The deal, which CEO Mike Rizkalla said in an interview is effectively Snorble’s Series A funding round, comes on the heels of a $2 million raise that closed in January. GK is Snorble’s second institutional investor after consumer tech venture capital fund Legendary Ventures.
Rizkalla’s brainchild, Snorble is a robot that children are meant to experience as a toy, but which actually uses artificial intelligence, voice recognition and interactive prompts to encourage healthy bedtime habits from kids, like brushing their teeth or going to bed on time.
“It wasn’t what we were trying to do,” said Rizkalla of the raise. “This opportunity came to us at the right time.
“And because these folks are really wonderful, and they really understood the value that we’re creating from a vision perspective … we gave them a better deal than we had intended to for the A-round.”
GK originally approached Snorble during the previous, $2 million raise and asked to participate, but repeatedly expanded the scope of its potential investment. Partners from the firm offered to buy in immediately after being pitched, then offered to purchase more shares than originally planned, before finally asking to buy 30 percent of the company.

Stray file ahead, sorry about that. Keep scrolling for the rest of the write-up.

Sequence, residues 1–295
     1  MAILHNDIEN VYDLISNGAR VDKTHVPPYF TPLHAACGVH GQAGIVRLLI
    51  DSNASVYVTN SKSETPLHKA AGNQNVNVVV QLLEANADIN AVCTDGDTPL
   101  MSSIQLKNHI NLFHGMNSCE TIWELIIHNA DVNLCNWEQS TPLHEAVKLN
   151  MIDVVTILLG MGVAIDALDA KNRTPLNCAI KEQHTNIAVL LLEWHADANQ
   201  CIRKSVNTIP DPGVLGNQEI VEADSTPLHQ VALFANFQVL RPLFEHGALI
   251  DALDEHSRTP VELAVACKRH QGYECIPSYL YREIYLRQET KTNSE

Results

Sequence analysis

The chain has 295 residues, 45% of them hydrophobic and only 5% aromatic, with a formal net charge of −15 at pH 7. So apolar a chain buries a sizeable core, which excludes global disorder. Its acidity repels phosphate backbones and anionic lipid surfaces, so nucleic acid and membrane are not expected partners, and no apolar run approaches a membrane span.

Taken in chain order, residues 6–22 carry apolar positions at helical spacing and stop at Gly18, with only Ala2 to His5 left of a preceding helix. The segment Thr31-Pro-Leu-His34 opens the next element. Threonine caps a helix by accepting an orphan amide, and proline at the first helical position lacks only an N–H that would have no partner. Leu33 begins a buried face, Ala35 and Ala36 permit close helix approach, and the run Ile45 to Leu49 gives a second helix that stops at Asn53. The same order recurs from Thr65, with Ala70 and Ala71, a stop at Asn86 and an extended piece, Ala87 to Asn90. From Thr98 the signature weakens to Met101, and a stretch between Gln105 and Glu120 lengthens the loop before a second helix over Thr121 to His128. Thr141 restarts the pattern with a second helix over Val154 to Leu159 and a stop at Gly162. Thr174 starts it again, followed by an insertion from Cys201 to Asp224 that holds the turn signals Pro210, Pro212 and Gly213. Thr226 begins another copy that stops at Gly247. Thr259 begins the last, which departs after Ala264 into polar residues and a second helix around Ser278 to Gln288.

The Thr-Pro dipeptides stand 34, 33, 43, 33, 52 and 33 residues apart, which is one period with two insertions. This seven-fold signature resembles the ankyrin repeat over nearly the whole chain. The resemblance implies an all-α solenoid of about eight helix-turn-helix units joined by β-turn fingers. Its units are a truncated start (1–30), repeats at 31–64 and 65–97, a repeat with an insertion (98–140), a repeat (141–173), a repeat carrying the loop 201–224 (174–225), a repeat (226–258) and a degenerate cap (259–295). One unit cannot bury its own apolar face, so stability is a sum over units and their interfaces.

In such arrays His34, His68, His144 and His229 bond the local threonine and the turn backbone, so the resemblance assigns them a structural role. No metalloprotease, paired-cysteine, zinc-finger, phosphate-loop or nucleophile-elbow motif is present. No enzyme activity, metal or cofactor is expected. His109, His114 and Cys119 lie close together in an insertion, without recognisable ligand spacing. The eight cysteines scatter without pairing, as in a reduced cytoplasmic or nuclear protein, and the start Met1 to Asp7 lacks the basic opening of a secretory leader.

They did not get their 30 percent, but they did get 25 percent for the $10 million, making GK Snorble’s largest non-founding shareholder.
“As an entrepreneur, you’re sitting there going, ‘What just happened?'" Rizkalla said. “But they had a real appetite for this.”
He added that despite GK’s abnormally large stake in the company, control of the business will remain with the board and C-suite. And Rizkalla expects to eventually onboard other institutional investors.
“Governance, culture and (employee) retention were all top of mind,” said Rizkalla. “Because it’s still pretty early, right? There is a fear that a partner will come in and trample all over what you’re doing before you get a chance to get started.
“Not these guys … they didn’t try to put extreme control measures in place."
Snorble is taking pre-orders for the toy itself, which is slated to ship in June, 2022 at a $299 price point. Much of the early work Rizkalla’s team did on the device was funded via a spring, 2021 Indiegogo campaign that started with a goal of raising US$25,000, but ultimately bagged US$208,000.
The company so-far has 20 employees — including recently appointed Chief Technology Officer Steve Hecker, who was previously engineering and manufacturing lead and has spent decades building consumer products. The company also has a roster of contract workers and employees at partner businesses that bring the total number of people working on Snorble to between 60 and 80.
Fourteen of the 20 staff live in Nova Scotia, and Rizkalla said he is looking to hire more software engineers. Snorble’s LinkedIn page lists an opening for a Senior Quality Assurance Manager with at least eight years of manufacturing experience and a bachelor’s degree in mechanical, electrical or systems engineering.